Halcurin is a polypeptide neurotoxin from the sea anemone Halcurias sp. Based on sequence homology to type 1 and type 2 sea anemone toxins it is thought to delay channel inactivation by binding to the extracellular site 3 on the voltage gated sodium channels in a membrane potential-dependent manner.
Source and etymology
The amino acid sequence of Halcurin is: VACRCESDGP DVRSATFTGT VDLWNCNTGW HKCIATYTAV ASCCKKD; it consists of 47 amino acids and has a molecular weight of 5,086 Da 
A classification of sea anemone polypeptide neurotoxins has been proposed based on their amino acid sequence, dividing the group into three classes of sodium channel toxins. Halcurin is structurally homologous with type 2 toxins, but also has sequence homology to type 1 toxins. Type 1 and 2 toxins are composed of 46 to 49 amino acid residues, and cross-linked by three disulfide bridges. Ten residues including six Cysteine (Cys) residues are completely conserved between type 1 and 2 toxins. Therefore, it is possible that type 1 and 2 toxins have evolved from Halcurin as a common ancestor.
Type 1 and 2 toxins are known to target neurotoxin receptor site 3. Based on the structural homology of halcurin with sea anemone toxin type 1 and 2  it is likely to target neurotoxin receptor site 3. Neurotoxin receptor site 3 is predicted to be at the domain IV of voltage gated sodium channel, more specifically at the extracellular loop of segment 3-4. These voltage gated sodium channels are found in neurons, skeletal muscles, and cardiac muscles.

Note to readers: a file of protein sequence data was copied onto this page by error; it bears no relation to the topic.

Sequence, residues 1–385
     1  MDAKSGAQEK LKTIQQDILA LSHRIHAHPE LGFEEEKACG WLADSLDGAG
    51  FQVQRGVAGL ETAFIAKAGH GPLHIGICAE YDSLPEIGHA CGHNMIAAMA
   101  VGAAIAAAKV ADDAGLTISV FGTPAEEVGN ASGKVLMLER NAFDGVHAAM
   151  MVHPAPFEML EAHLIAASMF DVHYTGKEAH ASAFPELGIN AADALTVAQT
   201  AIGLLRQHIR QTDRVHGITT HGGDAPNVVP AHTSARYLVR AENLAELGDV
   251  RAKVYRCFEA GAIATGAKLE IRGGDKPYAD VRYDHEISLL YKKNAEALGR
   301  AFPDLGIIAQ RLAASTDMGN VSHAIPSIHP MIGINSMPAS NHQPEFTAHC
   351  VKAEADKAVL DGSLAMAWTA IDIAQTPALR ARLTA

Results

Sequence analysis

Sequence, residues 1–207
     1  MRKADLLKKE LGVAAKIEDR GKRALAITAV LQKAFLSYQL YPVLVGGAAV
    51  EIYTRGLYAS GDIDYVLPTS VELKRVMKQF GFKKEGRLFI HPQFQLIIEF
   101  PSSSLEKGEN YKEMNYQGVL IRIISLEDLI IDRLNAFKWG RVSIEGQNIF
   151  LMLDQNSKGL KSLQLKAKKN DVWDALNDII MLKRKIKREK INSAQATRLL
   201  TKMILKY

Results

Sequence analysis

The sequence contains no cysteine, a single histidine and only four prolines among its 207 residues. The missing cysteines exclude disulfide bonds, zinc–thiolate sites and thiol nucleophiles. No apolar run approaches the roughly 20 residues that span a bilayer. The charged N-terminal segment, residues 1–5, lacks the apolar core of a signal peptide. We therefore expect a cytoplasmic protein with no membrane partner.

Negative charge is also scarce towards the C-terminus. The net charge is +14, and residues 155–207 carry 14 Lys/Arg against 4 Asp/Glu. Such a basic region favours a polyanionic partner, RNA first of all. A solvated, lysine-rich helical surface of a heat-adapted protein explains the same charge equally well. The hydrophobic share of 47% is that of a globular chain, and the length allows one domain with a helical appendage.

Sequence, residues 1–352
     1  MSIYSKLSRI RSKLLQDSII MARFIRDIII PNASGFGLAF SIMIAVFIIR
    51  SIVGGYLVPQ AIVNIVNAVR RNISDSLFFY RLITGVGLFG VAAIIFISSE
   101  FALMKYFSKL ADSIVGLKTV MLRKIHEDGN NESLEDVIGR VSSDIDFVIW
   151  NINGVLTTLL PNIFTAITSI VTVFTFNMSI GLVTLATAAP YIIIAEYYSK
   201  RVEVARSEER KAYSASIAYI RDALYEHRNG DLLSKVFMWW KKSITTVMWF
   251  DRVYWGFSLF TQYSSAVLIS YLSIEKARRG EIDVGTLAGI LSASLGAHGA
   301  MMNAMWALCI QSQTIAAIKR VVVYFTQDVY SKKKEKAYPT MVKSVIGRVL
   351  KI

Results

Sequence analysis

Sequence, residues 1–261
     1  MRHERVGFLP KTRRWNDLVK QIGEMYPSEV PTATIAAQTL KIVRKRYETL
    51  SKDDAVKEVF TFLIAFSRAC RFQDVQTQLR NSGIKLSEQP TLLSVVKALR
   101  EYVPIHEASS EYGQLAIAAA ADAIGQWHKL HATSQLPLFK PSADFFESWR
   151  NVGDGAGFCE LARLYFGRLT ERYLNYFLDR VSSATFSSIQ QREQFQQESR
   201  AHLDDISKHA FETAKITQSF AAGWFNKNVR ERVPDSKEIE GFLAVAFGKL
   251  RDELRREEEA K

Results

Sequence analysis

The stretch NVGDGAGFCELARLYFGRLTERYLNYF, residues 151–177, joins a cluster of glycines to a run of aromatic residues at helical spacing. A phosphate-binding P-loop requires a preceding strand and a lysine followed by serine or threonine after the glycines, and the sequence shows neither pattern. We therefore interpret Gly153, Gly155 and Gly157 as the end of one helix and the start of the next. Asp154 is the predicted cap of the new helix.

Mode of action
The domain III and IV intracellular loop structure acts as a fast inactivation gate in voltage gated sodium channels. Sea anemone toxin type 1 and 2 slow or prevent the conformational changes in domain IV segment 3-4 loop required for inactivation of the channel. Based on the structural homology of halcurin to sea anemone neurotoxin type 1 and 2, it is likely to have a similar mode of action.
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